As should be the case with the oil industry and the fiasco in the Gulf. Re-do the standards that allowed the Oil Barons to get away with not only screwing up our environment but screwing up our own heads and our own government. Our heads got screwed with because we began to believe that oil was the be-all and end-all for our energy needs.
It's not. And you know what? It's a very finite resource, considering the world's population, its needs, and the actual amount of oil available.
Our government got screwed with because they were seduced by the money that Oil Barons had to spread around. Look at MMS and what happened when the foxes were in charge of the henhouse. Oil people would "pencil in" the inspection reports for MMS personnel to re-do in ink. This is a case of a re-do that should have been a re-don't.
Our environment is screwed with because oil and water truly do not mix. The dispersant that BP has used has a MSD sheet (Material Safety Data sheet) that's as long as your arm. The MSDS as it's known is a sheet (or several) of information on a product that tells you what's in it, how it will react in certain situation (environmental, etc.) and what happens when the particular product encounters a living organism. And what to do about that when the thing that happens is really, really bad.
I used to work with a product that, in its parts, was fairly innocent. But together, they were exothermic. They cast off heat. Enough to give you second-degree burns. And then, if you mixed one part with water, it exploded. Those are not nice things to have happen when you're near the product.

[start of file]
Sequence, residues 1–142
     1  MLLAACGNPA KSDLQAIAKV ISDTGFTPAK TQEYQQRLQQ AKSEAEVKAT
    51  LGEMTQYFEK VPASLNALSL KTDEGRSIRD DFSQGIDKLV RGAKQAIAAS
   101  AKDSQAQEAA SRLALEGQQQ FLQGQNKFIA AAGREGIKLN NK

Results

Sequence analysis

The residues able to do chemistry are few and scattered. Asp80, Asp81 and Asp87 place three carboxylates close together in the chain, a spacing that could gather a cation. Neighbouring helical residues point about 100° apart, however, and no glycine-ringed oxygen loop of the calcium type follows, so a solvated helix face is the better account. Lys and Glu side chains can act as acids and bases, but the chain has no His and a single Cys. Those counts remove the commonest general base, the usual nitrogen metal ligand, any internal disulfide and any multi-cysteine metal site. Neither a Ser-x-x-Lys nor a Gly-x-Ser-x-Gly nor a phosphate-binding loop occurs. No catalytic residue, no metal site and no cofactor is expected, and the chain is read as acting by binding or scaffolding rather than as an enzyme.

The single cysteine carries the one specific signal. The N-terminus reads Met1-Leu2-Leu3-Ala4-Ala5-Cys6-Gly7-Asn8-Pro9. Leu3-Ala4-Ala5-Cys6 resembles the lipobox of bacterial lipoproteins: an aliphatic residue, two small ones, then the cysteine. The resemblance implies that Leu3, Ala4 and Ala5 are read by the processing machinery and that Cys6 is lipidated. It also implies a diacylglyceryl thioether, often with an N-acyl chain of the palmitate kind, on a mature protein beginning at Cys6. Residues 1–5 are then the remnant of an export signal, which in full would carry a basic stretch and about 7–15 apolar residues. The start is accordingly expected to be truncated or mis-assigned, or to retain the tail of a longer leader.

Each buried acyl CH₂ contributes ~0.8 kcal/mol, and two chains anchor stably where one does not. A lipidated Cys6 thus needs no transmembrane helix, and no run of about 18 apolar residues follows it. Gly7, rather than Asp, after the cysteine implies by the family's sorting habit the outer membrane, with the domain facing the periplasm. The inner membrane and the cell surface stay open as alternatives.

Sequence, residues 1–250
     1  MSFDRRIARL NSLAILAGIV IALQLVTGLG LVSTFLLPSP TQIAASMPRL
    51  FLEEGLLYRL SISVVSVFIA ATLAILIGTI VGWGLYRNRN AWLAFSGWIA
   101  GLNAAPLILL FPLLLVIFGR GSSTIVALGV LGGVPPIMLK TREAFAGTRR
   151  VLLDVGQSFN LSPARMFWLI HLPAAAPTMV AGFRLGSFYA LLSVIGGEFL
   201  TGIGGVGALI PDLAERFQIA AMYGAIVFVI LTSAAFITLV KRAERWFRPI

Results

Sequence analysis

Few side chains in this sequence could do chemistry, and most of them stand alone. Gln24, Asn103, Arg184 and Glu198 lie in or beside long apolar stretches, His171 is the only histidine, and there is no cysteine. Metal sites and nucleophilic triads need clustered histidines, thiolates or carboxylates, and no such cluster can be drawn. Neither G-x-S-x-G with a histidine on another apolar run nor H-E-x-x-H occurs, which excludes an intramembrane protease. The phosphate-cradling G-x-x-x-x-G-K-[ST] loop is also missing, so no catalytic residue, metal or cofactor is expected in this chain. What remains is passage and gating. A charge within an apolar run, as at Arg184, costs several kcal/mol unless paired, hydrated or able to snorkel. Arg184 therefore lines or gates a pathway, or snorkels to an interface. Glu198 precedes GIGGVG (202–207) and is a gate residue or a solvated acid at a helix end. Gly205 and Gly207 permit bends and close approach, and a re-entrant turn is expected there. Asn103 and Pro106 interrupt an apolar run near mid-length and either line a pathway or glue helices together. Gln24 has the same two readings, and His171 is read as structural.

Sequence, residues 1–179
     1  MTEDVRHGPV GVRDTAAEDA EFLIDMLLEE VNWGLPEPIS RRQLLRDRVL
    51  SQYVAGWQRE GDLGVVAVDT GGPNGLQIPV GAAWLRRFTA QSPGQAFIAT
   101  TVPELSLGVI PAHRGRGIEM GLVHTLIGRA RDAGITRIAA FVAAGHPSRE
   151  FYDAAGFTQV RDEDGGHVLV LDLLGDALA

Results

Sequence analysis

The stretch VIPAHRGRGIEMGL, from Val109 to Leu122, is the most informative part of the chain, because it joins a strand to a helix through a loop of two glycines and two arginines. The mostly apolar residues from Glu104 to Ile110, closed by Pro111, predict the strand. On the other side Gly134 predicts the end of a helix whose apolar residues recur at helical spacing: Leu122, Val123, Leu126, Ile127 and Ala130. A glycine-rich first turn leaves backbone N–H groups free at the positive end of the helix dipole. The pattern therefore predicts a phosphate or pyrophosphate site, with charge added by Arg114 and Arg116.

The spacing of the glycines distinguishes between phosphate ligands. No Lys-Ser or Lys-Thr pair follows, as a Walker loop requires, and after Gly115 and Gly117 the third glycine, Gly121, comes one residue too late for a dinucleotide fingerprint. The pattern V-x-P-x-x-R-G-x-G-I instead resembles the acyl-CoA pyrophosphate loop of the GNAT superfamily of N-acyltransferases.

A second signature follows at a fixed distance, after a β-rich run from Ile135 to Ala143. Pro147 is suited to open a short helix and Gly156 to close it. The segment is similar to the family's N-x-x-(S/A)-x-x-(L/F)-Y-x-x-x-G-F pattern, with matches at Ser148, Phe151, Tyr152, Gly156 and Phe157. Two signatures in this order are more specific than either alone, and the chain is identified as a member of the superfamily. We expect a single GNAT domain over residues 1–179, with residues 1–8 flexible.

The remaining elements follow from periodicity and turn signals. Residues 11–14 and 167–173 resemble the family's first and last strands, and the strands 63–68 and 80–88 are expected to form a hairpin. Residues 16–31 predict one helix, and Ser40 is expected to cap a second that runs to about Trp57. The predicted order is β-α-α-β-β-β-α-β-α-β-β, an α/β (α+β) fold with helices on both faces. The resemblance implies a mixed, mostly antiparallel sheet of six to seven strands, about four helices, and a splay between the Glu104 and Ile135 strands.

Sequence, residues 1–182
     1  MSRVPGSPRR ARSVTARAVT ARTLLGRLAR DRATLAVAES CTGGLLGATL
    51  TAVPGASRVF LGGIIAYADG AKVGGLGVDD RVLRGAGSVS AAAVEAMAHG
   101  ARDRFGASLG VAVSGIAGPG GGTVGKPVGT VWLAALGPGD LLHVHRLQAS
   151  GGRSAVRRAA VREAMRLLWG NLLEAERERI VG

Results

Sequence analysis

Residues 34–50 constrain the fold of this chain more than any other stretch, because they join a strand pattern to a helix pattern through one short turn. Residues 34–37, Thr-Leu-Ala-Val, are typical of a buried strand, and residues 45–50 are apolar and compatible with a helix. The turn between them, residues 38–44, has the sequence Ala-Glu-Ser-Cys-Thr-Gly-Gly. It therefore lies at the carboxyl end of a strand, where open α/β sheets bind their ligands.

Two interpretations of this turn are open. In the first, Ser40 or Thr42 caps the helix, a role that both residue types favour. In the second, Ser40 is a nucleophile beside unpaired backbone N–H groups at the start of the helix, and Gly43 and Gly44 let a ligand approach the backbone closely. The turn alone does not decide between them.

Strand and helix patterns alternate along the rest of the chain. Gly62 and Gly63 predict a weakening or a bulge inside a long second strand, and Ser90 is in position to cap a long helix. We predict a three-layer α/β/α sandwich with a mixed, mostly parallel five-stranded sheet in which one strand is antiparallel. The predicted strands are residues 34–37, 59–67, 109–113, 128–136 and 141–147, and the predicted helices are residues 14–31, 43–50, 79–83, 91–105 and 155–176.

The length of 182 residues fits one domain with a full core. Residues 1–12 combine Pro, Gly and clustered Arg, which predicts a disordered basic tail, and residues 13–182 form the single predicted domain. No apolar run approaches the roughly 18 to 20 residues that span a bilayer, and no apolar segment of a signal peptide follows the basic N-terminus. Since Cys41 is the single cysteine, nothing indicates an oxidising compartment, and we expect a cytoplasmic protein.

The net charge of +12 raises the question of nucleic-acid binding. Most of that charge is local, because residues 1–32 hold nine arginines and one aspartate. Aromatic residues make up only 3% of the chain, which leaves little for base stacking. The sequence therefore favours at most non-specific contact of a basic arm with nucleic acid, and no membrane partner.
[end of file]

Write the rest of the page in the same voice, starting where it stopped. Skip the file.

The dispersant causes health problems to the people using it. It's allowing BP to "fudge the numbers" because it's causing the oil to change character - be less easily accounted for, basically. And it's causing the oil to sink down to the lower depths where the "dark creatures" do the work of creating life.
Think about it. There are bottom-dwelling creatures that eat the detritus of life: the carcasses of dead animals and plant castoffs. They eat these, essentially recycle them, and recreate that life in fertilizer, allowing others to benefit from their work.
They don't eat oil. They'll die. And when the bottom-feeders die, the Gulf will die. It may well never recover. All of the Earth's water will be affected.
And as the water goes, humanity goes. This is one re-do that should have been re-done 5 or 6 Administrations ago. We all know that politicians often don't see past the next election. And their acceptance of this money from BP and other Oil Barons is a measure of their own greed.
Our acceptance of the "fact" that Oil is the one resource is a measure of our own reluctance to be the brave Americans we once were. We need to step outside of our petroleum-based lifestyle and look at solar, wind and water power. Each has its own drawbacks, true.
But we've already seen the drawback of Big Oil. And our childrens' children will continue to see what we let happen on our watch.